You mentioned being young then. What was it that inspired you as a young person about doing campaigning and human rights work?

I remember when I was 14 or 15 years old, I was still living in Martinique where I was born. At the time there was not a single gay organization in my country, not a single gay bar, nothing on television.

I felt very isolated and lonely, as many people did. But when I realized that in other countries there were people fighting like this I made a promise to myself to try to do for others what I would have liked to have for myself as a young person. So I made a promise to myself.

IDAHO is the most world famous thing you have done that is picked up around the world…

More than 100 countries now. It is recognized in 12 countries officially but it happens in more than 100 countries.

So what gave you the idea and how did you set it up?

I had the idea of a day and in 2000. I was just getting out of a French debate relating to same-sex unions and I was very concerned about all these politicians or journalists or other people speaking against LGBT people in general.

It occurred to me I could make a dictionary of all these silly arguments. At the same time I was involved in other days, like women’s day. But it made more sense to do the book first, which was published in 2003. And after that I felt I had been thinking about homophobia for three years so I decided that I was ready to launch the day as a tool to fight homophobia at the roots.

The idea was launched officially in 2004 and the first day was celebrated in 2005. It was very stressful. We were glad the first year to have 40 countries taking part but it was a very, very difficult year. I had not a single minute for myself. From August 2004 to June 2005 I worked every day from 7am to midnight from Monday to Sunday. In the end it was a success but I was too tired to be happy.

Subsequent to that you started to focus on decriminalization at the UN…

The fact that so many countries in the world criminalize homosexuality is a shock for anyone who cares about human rights. So one of my main issues when I launched IDAHO was the notion of decriminalization.

We were fortunate enough to contact friends who signed the petition, including some with Nobel prizes. I started to ask many governments to bring this issue to the UN and finally I found one, two years later, that was France.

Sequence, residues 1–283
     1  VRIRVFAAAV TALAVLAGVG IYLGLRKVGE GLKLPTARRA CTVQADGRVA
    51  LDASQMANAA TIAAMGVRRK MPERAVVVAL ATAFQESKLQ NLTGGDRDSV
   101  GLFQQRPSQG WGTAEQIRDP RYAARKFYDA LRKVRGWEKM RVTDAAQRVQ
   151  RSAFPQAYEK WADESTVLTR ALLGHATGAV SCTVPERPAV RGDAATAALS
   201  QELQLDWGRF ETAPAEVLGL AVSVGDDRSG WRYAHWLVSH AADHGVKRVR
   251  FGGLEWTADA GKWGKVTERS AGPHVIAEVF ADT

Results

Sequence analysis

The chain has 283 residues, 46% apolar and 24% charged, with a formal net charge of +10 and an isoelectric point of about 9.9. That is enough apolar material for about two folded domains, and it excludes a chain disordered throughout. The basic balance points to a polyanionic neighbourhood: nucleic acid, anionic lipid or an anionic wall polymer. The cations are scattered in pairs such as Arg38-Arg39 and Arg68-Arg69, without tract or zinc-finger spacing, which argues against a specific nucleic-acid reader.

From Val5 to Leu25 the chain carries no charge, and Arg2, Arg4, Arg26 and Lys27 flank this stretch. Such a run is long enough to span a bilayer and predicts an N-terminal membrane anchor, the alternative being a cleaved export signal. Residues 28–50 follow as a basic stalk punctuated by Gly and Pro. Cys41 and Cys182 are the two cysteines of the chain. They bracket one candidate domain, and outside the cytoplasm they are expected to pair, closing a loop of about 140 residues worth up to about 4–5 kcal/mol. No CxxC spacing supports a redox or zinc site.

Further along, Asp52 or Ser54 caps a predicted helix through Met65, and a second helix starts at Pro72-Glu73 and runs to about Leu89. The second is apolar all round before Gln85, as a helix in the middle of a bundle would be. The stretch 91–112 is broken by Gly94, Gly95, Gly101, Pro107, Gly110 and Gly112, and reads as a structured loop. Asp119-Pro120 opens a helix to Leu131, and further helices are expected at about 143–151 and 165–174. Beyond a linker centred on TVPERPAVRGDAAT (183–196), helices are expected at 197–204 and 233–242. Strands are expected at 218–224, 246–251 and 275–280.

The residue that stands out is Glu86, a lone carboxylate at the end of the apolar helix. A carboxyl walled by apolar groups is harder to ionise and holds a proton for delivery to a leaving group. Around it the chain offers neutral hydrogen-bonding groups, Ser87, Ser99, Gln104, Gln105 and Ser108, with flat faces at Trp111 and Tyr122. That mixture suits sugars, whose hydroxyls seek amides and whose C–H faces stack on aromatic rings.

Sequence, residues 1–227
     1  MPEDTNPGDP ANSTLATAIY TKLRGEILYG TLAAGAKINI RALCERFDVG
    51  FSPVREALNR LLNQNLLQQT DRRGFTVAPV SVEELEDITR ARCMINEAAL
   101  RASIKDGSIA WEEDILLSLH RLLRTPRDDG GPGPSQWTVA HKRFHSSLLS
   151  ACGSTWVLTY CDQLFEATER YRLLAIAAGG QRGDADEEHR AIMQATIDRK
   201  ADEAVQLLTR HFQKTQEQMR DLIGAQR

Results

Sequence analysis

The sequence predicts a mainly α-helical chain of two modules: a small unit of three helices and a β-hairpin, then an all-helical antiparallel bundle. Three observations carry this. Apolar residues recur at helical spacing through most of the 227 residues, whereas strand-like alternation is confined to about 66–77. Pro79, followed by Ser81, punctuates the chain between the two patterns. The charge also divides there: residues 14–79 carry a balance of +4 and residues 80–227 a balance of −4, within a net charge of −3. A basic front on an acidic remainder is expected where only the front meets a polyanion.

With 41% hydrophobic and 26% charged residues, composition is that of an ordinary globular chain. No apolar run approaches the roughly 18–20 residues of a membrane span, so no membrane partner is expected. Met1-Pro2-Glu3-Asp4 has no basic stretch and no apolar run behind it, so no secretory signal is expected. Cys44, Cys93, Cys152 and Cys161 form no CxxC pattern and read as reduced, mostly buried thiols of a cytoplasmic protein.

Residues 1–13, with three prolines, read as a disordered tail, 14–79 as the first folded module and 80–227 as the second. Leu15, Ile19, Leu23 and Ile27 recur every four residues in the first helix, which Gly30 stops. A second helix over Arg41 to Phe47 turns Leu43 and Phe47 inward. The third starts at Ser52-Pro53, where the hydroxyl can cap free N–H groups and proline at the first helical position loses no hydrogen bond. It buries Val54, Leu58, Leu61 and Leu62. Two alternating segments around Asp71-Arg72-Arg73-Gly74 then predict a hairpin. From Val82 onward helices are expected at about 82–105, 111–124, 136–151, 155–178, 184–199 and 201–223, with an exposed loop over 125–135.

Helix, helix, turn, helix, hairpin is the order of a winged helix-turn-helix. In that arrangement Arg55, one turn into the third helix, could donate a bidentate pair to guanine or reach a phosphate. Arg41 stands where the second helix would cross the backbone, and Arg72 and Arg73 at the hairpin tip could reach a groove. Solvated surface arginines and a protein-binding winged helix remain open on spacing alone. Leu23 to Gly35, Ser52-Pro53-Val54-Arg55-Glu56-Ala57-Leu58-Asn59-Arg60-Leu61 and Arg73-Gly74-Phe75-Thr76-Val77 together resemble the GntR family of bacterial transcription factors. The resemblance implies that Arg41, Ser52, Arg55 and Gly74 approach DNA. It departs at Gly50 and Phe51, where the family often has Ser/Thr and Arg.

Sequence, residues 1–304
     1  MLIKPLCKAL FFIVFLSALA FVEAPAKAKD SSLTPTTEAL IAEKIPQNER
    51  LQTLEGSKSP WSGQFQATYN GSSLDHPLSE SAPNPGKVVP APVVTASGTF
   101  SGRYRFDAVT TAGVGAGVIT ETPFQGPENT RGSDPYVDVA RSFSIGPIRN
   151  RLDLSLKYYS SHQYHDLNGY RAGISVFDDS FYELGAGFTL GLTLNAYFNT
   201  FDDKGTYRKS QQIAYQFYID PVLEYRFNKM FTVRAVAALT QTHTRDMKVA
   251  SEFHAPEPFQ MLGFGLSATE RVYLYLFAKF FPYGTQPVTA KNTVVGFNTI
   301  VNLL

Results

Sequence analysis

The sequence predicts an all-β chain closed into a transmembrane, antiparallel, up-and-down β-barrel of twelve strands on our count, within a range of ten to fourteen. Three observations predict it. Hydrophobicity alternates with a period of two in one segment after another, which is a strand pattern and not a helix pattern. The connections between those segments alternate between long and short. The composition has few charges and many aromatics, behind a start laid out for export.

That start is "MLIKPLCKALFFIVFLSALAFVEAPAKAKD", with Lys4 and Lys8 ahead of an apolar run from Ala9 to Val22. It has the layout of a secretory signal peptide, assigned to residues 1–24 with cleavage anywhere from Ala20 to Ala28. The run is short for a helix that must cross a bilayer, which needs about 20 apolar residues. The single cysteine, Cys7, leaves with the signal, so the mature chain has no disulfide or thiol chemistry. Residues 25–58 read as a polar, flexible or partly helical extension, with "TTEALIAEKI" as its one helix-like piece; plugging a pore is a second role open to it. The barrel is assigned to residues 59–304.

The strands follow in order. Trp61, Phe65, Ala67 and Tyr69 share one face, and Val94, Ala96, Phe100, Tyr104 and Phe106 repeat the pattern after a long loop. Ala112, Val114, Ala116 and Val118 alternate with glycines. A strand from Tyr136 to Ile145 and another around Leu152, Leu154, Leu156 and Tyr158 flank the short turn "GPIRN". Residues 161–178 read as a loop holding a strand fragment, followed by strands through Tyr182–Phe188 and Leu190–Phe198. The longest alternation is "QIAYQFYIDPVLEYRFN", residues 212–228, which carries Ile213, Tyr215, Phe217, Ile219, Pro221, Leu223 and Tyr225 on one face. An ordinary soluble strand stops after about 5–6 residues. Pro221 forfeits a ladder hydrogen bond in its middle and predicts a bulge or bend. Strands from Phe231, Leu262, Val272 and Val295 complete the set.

On 17 May 2008 it was the first time ever that this issue was raised in the General Assembly of the UN. The text was supported by 68 countries.

Mow I’m working to have not a declaration like in 2008 but a resolution. The difference between a UN declaration and a resolution is a resolution is supposed to be a legal constraint. A declaration is only symbolic, and it’s important to have symbols, but nobody is compelled to follow it. Whereas people are supposed to follow a resolution.

Of course I don’t believe that Iran or countries like this will follow any resolution on gay rights but many other countries would be more than influenced by such a resolution so I am working, especially this year, to ask the French government to bring in a real resolution because we need that desperately.

Countries like the US and UK have been more vociferous for LGBT rights recently, is the time right to get powerful allies?

Unfortunately I think our allies are not strong on this issue. Many things are said but, as far as the resolution is concerned, everybody is very shy.

Many allies will say it’s too early but I think it’s not too early for the people who are in jail it is not too early. If Barack Obama is not reelected in November it will be very, very difficult to have any resolution during the four, or possibly eight, coming years. American diplomacy is obviously the strongest in the world and if you don’t have this ally with you it is very difficult to have any progress. People believe to do a resolution now would be risky but to wait would be even more risky.